Fahri glared at the traitor in the room; his left arm. It did nothing in response, and that was exactly the problem. After three seconds of stubbornness, he sighed in defeat and shouted across the room, “Hey, Bahri! My hand died.”
“What?” Said this twin of his, who continued cooking while answering.
“Deceased. Numb. Cannot be moved.”
Fahri did not mention the dull, throbbing pain radiating from his upper arm. It was uncomfortable, but nothing too bad. An unnecessary trip to the clinic was the last thing he needed. “Guess this is that side effect the doctor mentioned. Nothing else, though.”
He winced at the response. “Thanks.”
“Says the one hospitalised from penicillin.”
“I am allergic!”
“And you said you can get an allergic reaction from the vaccine, too.” Bahri, square-faced and stern-faced, came in without much fanfare. The smell of fried eggs and noodle wafting from the two plates he carried overrid any impression.
“And I do get one! This!” Fahri shook his left hand by the wrist. It was heavy and unresponsive, like a rag doll. The pain sharpened with each forced movement, but he did not let it show. “It is just this!”
Bahri tore into his dinner, with Fahri following with his good hand. Still, his eyes darted over and over to Fahri’s face. The one being observed played obliviously and showed no sign of being in pain, and he played well. Bahri patted Fahri on the shoulder as he left for his room, “Just tell me if you feel anything.”
Fahri rolled his eyes. “Relax. Just a numb hand cannot kill me.”
“I am dying.”
Bahri rubbed his weary eyes, trying to get a better look at the shivering creature on the bed.
Fahri huddled in layer upon layer of blankets, curling into his stomach with his body trembling and cold. A thin coating of sweat left him shivering, groaning mess.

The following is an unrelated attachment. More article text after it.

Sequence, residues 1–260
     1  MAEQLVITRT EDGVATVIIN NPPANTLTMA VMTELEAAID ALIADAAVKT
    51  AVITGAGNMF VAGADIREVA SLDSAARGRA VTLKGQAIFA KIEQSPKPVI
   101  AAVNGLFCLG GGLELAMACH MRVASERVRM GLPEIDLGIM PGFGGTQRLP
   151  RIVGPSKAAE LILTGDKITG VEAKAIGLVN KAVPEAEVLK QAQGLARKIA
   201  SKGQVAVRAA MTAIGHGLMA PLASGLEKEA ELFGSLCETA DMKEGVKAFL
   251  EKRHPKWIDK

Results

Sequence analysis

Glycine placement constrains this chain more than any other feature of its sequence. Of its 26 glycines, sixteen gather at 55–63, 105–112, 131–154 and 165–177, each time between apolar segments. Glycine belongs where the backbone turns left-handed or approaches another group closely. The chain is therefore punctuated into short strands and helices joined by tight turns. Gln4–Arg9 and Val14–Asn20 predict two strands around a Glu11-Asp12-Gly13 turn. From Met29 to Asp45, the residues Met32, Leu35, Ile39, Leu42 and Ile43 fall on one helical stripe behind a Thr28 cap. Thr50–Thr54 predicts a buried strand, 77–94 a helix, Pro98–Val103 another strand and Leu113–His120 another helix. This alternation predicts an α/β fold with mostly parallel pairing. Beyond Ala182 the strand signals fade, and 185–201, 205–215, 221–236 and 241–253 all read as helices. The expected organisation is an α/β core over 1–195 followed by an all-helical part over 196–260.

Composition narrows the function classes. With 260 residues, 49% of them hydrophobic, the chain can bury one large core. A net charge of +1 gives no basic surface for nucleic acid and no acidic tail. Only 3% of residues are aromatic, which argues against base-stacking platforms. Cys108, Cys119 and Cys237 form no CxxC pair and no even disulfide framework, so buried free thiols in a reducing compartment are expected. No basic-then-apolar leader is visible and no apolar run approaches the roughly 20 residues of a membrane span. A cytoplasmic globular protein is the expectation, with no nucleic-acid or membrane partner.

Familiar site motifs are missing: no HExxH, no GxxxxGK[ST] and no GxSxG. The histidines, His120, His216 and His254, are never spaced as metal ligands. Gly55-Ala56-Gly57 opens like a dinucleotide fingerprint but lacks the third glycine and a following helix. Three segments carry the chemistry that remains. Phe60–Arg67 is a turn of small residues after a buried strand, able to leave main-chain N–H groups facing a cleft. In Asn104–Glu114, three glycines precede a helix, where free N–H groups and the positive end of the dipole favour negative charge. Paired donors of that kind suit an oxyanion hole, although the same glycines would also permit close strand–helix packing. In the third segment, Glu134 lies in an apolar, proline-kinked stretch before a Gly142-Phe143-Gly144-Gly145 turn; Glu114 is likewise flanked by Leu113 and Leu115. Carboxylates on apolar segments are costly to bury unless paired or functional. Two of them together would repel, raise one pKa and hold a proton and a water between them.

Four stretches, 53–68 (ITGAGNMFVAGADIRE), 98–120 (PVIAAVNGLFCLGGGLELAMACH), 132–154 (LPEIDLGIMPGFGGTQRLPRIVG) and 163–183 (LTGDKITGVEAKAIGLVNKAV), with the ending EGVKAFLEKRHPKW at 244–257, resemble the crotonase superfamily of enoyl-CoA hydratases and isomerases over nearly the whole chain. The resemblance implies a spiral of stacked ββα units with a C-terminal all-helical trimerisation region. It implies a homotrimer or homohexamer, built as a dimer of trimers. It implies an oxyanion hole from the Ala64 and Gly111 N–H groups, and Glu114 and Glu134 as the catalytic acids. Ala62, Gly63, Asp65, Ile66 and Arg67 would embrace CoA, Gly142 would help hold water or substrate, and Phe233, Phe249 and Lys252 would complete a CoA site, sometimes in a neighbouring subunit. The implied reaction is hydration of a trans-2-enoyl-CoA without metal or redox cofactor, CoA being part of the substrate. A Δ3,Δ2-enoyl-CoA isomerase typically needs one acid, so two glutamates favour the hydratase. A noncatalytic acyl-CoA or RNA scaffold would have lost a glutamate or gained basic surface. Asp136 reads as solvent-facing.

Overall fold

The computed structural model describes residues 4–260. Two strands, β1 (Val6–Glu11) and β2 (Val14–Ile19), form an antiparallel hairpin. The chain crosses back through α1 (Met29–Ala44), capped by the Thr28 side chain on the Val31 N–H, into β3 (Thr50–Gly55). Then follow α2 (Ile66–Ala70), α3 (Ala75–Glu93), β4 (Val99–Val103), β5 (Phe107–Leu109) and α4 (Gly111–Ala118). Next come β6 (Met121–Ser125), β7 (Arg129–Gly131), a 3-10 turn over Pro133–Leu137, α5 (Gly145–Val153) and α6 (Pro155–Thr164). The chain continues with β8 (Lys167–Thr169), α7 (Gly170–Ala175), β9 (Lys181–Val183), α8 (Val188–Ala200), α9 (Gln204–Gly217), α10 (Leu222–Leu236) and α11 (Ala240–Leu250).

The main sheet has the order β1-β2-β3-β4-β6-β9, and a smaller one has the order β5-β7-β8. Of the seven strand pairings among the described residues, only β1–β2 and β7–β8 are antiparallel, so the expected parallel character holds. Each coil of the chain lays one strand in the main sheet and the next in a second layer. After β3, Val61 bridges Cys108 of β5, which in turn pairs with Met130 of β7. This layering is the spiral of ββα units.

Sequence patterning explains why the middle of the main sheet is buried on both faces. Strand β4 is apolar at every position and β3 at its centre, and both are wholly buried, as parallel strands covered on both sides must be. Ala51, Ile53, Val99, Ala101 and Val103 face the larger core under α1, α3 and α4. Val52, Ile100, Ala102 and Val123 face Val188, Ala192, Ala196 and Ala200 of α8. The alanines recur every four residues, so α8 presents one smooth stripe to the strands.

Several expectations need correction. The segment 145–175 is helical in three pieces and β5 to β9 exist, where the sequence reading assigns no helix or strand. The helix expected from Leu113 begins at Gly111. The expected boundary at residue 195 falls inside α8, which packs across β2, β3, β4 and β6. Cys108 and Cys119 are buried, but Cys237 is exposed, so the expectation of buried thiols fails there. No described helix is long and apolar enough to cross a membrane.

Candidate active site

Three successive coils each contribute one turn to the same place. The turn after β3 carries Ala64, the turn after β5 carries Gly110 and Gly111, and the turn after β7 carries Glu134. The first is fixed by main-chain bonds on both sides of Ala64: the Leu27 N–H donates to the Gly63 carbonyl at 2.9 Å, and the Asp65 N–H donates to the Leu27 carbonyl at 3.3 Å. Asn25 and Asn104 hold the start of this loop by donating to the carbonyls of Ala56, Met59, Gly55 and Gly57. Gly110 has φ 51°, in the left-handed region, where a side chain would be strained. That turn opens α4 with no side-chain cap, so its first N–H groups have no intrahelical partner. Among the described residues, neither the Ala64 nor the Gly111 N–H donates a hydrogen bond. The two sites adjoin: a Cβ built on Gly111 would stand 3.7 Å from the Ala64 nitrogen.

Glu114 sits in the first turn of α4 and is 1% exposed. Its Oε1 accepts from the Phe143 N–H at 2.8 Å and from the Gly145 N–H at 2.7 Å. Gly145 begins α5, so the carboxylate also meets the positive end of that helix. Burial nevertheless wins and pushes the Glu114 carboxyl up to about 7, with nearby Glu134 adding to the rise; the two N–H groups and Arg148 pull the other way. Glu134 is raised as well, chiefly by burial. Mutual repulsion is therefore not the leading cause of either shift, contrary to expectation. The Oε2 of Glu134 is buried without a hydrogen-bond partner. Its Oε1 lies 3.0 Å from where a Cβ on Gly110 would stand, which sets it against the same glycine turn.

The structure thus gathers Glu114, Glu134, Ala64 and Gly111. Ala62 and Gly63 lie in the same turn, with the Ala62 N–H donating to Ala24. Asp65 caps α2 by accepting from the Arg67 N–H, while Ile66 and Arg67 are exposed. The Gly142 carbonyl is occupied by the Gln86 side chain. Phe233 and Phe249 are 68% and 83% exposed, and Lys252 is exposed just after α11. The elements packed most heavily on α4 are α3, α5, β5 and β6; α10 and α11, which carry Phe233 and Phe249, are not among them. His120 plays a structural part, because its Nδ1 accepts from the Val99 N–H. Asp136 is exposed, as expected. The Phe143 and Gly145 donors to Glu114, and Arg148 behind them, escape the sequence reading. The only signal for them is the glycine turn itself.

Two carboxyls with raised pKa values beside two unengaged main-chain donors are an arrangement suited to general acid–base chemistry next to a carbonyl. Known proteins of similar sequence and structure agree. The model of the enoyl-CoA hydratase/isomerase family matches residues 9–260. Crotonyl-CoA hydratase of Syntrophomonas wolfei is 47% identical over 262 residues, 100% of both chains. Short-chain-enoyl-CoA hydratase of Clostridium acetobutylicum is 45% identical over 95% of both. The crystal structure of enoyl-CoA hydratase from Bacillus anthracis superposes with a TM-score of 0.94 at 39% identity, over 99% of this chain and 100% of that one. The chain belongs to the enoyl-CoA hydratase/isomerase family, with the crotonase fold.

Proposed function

“How are you feeling?” Bahri pressed the back of his hand against Fahri’s forehead. Warm. The pressure of his hand caused another wave of shiver all over Fahri.
“Construction site. Jackhammers. All over my head.” Fahri groaned, turning away to hug the bolster. “My arm is sore. My nose is itchy. I am feeling cold and hot all over and I have not finished my essay for Monday’s ethics class. I’m halfway to the grave and halfway wishing I’m already-”
“Where is your painkiller?” Bahri rummaged through the desk drawers. He had only had 3 hours of sleep and had no time to entertain the nonsense.
“Wardrobe. Overhead drawer.” Fahri let out another groan, feeling like the most miserable person on Earth. Bahri tuned the never-ending croaks of misery out while he searched for the right medicine.
Bahri fetched a glass of water from the kitchen and handed it over with a small pill. Fahri reluctantly ended his bouts of complaints to sit and took his medicine. Bahri needed to help so he did not spill the water.
“I will change your clothes. Try to sleep it off. You will feel better in the morning.”
The thick layers of blanket got Fahri sweating like in a sauna underneath. Changing clothes had Fahri drier and more comfortable. Bahri put a cold compress over Fahri’s forehead. Inadvertently, Bahri let out a sigh. “I told you. You should have waited for a better vaccine.”
Fahri put on a weak smile. “It is better this way than getting COVID-19. If I did not have to go to class, I would delay, too.”
“Stupid practical class, can’t you just do everything online?”
“I cannot help it. Unlike math, there is not much you can do for medicine this late into the semester.”
“I know, I know,” Bahri rubbed his temple. “You just have to study medicine when the pandemic of the century strikes.”
Fahri let out a chuckle. “On the bright side, you know more about the pandemic than your average student.”
“And have a larger chance of exposure to it. Thanks.”
“I love you too,” Fahri grinned. “You should have taken medicine, too.”
Bahri scoffed. “You wish. This one-time nursing you is enough.”
“Hehe. Yeah, goodnight.” Fahri pulled his blanket up with an impish smile.
Bahri stared at Fahri strangely. “What?”
“Well, if I got like this now, I might get like this again next time.”
“Two-dose vaccine. I will get the next one in three weeks. Goodnight.”
Fahri turned his face to the wall, away from Bahri’s ashen face. He looked at his phone. Five in the morning; he had class at seven. Online, but still. He opened his calendar and groaned. Three weeks from now would be the week before the midterm. He was not looking forward to it.